We are at the threshold of a new era in cancer treatment and diagnosis, brought about by the convergence of two disciplines—materials engineering and life sciences—that 30 years ago might have been difficult to envision. The product of this curious marriage, nanobiotechnology, is yielding many surprises and fostering many hopes in the drug-development space. Nanoparticles, engineered to exquisite precision using polymers, metals, lipids, and carbon, have been combined with molecular targeting, molecular imaging, and therapeutic techniques to create a powerful set of tools in the fight against cancer. The unique properties of nanomaterials enable selective drug delivery to tumors, novel treatment methods, intraoperative imaging guides to surgery, highly sensitive imaging agents for early tumor detection, and real-time monitoring of response to treatment.

Using nanotechnology, it may be possible to leap over many of the hurdles of cancer drug delivery that have confounded conventional drugs. These hurdles include hindered access to the central nervous system through the blood-brain barrier, sequestration by the reticulo-endothelial system, inability to penetrate the interior of solid tumors, and overcoming multi-drug resistance mechanisms. These obstacles can be mitigated by manipulating the size, surface charge, hydrophilicity, and attached targeting ligands of a therapeutic nanoparticle.

The novelty of using nanotechnology for medical applications presents its own challenges, similar in many ways to the challenges faced by the introduction of the first synthetic protein-based drugs. In the early 1980s, protein-based drugs offered an entirely new approach to targeting and treating disease. They could be "engineered" to be highly specific and even offered the capability of separating the targeting and therapeutic functions of a drug, such as when monoclonal antibodies are conjugated to cytotoxic agents. But monoclonal antibodies and recombinant protein-based drugs necessitated a different approach to lead optimization, metabolism, and toxicity screening from that of small-molecule drugs. Factors such as stability, immunogenicity, and species specificity had to be considered and tested in ways that were not familiar to the developers of traditional drugs.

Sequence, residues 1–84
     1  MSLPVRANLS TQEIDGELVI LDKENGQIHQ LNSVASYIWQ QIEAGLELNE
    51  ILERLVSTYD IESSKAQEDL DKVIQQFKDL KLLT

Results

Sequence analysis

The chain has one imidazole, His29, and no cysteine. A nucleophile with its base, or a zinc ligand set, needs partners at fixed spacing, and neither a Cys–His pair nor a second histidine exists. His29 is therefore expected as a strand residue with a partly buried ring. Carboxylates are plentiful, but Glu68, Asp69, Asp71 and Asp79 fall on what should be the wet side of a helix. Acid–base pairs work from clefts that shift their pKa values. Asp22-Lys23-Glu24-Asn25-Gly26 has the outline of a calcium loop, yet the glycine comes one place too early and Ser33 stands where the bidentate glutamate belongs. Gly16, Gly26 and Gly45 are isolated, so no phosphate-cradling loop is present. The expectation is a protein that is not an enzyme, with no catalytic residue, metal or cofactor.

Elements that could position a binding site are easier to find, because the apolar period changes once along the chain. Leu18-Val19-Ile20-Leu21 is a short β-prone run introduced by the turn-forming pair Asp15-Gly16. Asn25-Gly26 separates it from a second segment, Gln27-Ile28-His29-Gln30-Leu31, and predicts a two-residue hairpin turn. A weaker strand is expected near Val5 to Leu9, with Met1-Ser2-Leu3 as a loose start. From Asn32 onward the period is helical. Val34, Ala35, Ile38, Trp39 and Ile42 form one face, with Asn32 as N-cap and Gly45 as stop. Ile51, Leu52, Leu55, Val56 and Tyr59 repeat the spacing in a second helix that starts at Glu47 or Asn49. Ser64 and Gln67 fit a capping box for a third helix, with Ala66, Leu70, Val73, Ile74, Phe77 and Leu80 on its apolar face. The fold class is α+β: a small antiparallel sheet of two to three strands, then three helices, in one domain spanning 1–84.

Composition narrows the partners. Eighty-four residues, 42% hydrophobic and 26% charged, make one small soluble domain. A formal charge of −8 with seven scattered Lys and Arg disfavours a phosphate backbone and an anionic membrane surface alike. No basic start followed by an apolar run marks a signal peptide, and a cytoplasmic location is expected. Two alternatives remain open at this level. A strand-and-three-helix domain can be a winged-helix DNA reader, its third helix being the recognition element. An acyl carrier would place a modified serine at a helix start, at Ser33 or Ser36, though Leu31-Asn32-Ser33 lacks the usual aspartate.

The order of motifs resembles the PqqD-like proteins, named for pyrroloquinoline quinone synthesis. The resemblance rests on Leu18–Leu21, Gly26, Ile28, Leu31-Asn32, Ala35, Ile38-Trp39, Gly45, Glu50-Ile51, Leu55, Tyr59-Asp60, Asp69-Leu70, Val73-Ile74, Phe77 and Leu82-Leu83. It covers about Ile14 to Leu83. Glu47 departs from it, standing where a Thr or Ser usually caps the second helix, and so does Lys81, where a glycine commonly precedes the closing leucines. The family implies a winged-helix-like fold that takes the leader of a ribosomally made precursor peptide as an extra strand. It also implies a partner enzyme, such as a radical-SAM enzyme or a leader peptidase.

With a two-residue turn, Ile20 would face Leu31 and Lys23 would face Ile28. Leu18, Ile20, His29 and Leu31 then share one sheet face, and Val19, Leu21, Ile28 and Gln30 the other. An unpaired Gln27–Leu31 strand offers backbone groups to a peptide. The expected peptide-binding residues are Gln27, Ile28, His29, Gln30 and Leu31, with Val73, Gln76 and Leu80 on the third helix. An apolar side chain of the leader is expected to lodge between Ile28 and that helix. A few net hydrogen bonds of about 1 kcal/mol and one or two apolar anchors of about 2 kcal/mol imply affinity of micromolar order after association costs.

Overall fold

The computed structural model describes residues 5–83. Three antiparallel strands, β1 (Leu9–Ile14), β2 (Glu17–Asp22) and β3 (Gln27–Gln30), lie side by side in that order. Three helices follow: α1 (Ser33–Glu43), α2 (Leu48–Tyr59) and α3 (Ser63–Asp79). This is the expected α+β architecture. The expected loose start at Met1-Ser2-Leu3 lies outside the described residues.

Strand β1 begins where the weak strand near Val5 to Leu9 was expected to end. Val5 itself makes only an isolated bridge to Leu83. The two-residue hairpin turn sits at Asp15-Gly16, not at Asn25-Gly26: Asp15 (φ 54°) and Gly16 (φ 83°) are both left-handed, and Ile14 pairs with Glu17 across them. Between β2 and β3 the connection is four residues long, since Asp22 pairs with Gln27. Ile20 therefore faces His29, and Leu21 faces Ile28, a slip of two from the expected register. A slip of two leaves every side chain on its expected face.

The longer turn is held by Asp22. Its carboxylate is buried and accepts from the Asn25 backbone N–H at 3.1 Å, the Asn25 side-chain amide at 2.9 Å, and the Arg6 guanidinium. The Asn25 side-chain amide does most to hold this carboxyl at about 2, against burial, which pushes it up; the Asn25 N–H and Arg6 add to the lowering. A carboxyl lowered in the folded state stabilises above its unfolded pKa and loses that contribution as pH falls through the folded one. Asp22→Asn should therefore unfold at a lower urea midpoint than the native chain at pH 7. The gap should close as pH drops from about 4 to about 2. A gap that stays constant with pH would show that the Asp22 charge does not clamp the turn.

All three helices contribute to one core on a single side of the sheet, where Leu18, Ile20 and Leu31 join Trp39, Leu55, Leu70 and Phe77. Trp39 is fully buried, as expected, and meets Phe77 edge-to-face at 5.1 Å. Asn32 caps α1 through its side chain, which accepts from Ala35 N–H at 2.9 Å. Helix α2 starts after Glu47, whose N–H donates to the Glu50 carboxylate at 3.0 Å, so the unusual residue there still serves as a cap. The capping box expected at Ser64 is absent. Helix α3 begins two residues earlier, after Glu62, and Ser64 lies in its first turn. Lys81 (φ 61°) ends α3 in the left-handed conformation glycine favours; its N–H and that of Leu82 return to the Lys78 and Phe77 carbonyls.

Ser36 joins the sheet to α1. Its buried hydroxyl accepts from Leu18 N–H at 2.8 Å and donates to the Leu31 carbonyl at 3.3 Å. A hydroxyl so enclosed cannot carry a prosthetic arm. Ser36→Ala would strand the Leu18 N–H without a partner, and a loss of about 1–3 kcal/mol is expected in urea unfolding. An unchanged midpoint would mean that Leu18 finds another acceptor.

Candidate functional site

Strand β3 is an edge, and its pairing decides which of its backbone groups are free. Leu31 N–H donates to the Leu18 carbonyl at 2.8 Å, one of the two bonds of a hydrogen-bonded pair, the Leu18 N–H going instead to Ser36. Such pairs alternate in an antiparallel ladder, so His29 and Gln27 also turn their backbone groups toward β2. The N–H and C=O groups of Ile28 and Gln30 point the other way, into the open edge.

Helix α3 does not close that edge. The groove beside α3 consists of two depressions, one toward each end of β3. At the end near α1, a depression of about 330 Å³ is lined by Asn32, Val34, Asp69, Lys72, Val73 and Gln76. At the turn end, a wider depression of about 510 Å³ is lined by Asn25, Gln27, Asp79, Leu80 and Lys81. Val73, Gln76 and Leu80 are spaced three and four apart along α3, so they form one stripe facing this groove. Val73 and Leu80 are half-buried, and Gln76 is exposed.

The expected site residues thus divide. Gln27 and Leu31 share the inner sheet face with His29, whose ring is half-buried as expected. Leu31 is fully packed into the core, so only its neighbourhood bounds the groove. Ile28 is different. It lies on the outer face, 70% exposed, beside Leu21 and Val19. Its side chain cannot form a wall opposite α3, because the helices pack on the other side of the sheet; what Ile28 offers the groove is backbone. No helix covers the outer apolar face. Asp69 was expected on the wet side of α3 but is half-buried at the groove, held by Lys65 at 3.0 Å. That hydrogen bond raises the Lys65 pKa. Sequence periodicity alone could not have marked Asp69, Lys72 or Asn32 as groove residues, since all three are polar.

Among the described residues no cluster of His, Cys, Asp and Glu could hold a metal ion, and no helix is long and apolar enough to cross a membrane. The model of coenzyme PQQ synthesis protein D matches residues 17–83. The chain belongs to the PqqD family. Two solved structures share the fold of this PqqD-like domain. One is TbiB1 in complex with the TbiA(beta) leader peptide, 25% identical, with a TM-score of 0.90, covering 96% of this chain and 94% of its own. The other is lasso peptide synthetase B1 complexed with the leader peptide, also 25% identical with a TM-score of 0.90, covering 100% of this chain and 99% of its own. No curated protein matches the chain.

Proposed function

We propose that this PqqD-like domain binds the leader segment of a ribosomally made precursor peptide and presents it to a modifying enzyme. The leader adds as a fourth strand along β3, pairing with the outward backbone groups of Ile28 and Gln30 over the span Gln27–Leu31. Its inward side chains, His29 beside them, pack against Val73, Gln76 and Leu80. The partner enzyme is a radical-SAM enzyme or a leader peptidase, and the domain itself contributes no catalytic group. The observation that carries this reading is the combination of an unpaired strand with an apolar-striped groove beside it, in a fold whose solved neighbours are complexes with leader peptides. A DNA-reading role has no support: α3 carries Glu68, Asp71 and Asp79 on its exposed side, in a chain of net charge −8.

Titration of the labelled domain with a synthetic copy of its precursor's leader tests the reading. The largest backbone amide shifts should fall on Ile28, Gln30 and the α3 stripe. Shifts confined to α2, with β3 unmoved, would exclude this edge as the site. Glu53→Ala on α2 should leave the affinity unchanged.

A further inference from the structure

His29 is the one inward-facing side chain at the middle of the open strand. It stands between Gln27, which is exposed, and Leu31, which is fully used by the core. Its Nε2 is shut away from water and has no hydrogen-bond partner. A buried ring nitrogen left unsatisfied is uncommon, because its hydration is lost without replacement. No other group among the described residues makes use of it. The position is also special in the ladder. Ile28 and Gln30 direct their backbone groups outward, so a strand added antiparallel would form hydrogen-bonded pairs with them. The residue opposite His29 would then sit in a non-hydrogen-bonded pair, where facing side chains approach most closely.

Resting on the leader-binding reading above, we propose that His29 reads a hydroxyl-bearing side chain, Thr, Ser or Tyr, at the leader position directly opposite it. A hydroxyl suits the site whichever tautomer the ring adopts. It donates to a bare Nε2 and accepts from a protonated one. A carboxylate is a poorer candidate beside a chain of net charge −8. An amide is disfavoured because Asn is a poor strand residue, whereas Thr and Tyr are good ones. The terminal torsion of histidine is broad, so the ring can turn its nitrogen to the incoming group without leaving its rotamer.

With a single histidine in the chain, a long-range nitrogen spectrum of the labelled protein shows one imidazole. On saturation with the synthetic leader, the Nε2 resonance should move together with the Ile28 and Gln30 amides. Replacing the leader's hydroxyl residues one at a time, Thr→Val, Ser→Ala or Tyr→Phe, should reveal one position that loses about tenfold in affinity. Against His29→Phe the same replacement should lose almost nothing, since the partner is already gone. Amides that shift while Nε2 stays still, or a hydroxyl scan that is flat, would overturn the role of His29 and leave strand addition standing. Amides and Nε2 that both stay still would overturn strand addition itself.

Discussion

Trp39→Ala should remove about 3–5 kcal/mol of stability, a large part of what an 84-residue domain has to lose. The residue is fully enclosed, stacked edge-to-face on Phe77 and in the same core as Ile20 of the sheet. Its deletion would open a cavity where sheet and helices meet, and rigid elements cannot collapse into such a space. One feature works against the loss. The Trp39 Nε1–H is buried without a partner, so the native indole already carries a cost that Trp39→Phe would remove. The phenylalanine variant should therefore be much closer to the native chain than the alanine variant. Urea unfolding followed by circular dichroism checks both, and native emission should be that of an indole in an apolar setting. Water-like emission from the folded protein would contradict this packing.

Nanotechnology-based drugs will catalyze a reevaluation of optimization, metabolism, and toxicity-screening protocols. Interactions between novel materials and biological pathways are largely unknown but are widely suspected to depend heavily on physical and chemical characteristics such as particle size, particle size distribution, surface area, surface chemistry (including charge and hydrophobicity), shape, and aggregation state—features not usually scrutinized for traditional drugs. Standard criteria for physicochemical characterization will have to be established before safety testing can yield interpretable and reproducible results.

Would nanotechnology-based drugs be successful? All drugs have to run an obstacle course through physiological and biochemical barriers. For monoclonal antibody drugs, only a minute portion of an intravenously administered drug reaches its target. However, drugs based on nanomaterials, including nanoparticles, have unique properties that enable them to specifically bind to and penetrate solid tumors. Size and surface chemistries can be manipulated to facilitate extravasation through tumor vasculature, or the therapeutic agent can be encapsulated in polymer micelles or liposomes to prevent degradation and increase circulation half-life to improve the odds of it reaching the target.

This level of functional engineering has not been available to either small-molecule or protein-based drugs. For these drugs, modification of one characteristic, such as solubility or charge, can have dramatic effects on other essential characteristics, such as potency or target specificity. Nanoparticles, however, introduce a much higher degree of modularity and offer at least four advantages over the antibody conjugates: (1) the delivery of a larger therapeutic payload per target recognition event, enhancing potency; (2) the ability to carry multiple targeting agents, enhancing selectivity; (3) the ability to carry multiple therapeutic agents, enabling targeted combination therapies; and (4) the ability to bypass physiological and biological barriers.

We would all like to hasten the day when chemotherapy—the administration of non-specific, toxic anti-cancer agents—is relegated to medical history. Improvements in diagnostic screening and the development of drugs that target specific biological pathways have begun to turn the tide and contribute to a slow, yet consistent decline in death rates. While confirming that early diagnosis and targeted therapies are pointing us in the right direction, the progress is still incremental. Nanotechnology may be our best hope for overcoming many of the barriers faced by today's drugs in the battle against cancer. The combined creative forces of engineering, chemistry, physics, and biology will beget new and hopefully transformative options to old, intractable problems.

Piotr Grodzinski, Ph.D.

National Cancer Institute

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